An unspecified incident on September 26 has disrupted operations at Equatorial Guinea’s LNG plant.
Marathon Oil confirmed the problem to Energy Voice. An incident at the Alba gas processing facility occurred on September 26.
“Our initial priority was ensuring the safety of all personnel, and we are now focused on investigating the cause of the incident,” a representative said.
“Partial operations have been maintained but Alba Plant is unable to process wet gas until normal operations resume.”
A delegation from the Ministry of Mines and Hydrocarbons visited the site on October 6, according to Equatorial Guinea’s official news agency. The director general of hydrocarbons Robustiano Eyegue Mangue led the ministry group.
The ministry expects the plant to return to normal operations on October 20.
The news agency did not reveal what the problem was. However, it said, it expected that the operator would have imported a crane to lift the “affected structure” by October 20. It also plans to bring another crane from Bata, on Equatorial Guinea’s mainland.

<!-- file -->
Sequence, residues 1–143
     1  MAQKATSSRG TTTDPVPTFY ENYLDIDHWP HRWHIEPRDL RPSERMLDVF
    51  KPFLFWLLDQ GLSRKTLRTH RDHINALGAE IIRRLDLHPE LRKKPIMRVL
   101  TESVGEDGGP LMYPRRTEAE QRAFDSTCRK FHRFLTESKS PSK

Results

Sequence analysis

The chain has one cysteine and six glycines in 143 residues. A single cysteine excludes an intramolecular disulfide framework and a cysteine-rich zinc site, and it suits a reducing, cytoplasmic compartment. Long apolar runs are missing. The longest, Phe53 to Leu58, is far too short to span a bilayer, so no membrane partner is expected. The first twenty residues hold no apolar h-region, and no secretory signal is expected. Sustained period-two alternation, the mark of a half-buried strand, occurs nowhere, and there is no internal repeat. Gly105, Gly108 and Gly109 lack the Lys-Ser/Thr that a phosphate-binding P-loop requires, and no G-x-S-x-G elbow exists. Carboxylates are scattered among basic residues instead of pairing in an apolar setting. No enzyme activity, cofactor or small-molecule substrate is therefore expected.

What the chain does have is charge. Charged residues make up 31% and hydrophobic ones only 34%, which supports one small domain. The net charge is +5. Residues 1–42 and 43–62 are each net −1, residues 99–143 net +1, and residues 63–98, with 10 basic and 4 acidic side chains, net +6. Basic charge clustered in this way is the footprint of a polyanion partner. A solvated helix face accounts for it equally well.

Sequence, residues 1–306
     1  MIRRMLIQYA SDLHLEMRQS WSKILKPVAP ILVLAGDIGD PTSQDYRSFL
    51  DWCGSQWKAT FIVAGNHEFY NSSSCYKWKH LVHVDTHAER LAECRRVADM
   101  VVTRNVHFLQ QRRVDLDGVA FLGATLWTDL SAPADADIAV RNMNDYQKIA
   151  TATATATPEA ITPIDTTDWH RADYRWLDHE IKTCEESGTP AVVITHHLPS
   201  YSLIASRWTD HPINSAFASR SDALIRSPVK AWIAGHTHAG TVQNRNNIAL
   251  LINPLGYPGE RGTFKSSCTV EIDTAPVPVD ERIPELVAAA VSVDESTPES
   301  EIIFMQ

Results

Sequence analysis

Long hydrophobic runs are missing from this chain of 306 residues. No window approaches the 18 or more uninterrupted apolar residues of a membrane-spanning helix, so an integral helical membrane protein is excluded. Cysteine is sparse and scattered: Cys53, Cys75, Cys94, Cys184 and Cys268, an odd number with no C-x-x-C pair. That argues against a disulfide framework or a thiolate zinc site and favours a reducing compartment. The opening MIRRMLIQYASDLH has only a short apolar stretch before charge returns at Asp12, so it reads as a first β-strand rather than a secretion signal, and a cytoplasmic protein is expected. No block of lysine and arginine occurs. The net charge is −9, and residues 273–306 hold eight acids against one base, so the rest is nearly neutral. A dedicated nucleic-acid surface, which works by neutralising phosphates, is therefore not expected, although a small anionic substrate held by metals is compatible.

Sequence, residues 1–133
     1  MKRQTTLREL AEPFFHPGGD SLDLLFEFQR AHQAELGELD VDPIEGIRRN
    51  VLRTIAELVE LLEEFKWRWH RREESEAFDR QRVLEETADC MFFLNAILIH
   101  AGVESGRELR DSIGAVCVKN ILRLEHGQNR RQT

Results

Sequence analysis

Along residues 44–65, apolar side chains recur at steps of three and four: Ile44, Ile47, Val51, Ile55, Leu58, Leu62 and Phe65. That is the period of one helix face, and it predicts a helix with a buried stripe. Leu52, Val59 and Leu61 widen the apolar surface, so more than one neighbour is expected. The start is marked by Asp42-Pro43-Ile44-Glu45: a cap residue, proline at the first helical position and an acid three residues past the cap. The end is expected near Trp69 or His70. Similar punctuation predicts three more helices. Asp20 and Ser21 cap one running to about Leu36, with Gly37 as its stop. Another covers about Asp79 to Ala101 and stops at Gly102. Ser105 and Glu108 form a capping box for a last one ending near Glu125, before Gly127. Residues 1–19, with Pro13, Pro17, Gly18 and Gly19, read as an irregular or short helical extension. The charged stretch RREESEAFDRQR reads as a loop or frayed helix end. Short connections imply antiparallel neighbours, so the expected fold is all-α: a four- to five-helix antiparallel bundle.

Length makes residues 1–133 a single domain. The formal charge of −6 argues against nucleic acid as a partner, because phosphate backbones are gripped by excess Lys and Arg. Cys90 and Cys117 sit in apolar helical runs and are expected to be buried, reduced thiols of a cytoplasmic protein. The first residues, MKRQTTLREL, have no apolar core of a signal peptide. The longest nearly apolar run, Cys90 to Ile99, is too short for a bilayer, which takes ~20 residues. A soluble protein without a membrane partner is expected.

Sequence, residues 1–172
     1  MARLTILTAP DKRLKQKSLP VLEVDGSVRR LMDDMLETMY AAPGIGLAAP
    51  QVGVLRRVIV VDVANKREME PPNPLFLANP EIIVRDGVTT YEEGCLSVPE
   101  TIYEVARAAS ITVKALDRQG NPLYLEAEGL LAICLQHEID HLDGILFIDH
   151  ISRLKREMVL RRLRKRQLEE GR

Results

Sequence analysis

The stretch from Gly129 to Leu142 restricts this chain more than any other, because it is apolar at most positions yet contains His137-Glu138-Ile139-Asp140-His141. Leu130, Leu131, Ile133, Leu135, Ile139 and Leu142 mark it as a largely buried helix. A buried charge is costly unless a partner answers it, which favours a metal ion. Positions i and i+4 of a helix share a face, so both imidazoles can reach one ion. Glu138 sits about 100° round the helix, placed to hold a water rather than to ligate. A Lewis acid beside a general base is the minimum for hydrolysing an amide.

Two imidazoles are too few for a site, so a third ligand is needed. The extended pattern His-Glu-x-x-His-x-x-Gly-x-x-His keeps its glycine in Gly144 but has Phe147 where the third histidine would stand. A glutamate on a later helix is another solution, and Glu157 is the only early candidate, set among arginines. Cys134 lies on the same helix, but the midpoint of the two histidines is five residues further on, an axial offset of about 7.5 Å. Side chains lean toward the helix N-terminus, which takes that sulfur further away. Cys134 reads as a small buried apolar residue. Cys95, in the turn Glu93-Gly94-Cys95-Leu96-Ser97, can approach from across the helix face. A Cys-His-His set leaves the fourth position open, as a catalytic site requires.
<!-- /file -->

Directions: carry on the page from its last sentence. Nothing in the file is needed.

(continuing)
Ship tracking data suggests no LNG cargoes have loaded since September 25.
Marathon exports LNG from the Equatorial Guinea plant under a contract linked to Henry Hub, which will run until 2023. The US benchmark has been low for some years but recent global demand has pulled up Henry Hub, which has traded near $6 per mmBtu this week.
Marathon has certain domestic supply commitments. It will work to ensure butane supplies continue despite the disruption.
Marathon has a 52% stake in the Alba Plant, an onshore LPG processing plant on Bioko Island. This processes gas from the Alba field, extracting liquids from the gas stream.
The company also has a 60% stake in EGHoldings, which operates the 3.7 million tonne per year LNG plant. It sold around 3mn tonnes of LNG in 2020.
It secured additional gas volumes under the Alen backfill project. Companies connected a pipeline from the Alen field to the processing site in February this year, providing more supplies for the LNG plant.
Equatorial Guinea has said it expects to earn $1.5 billion from the Alen backfill project over seven years, while the total revenue would be $4.5bn.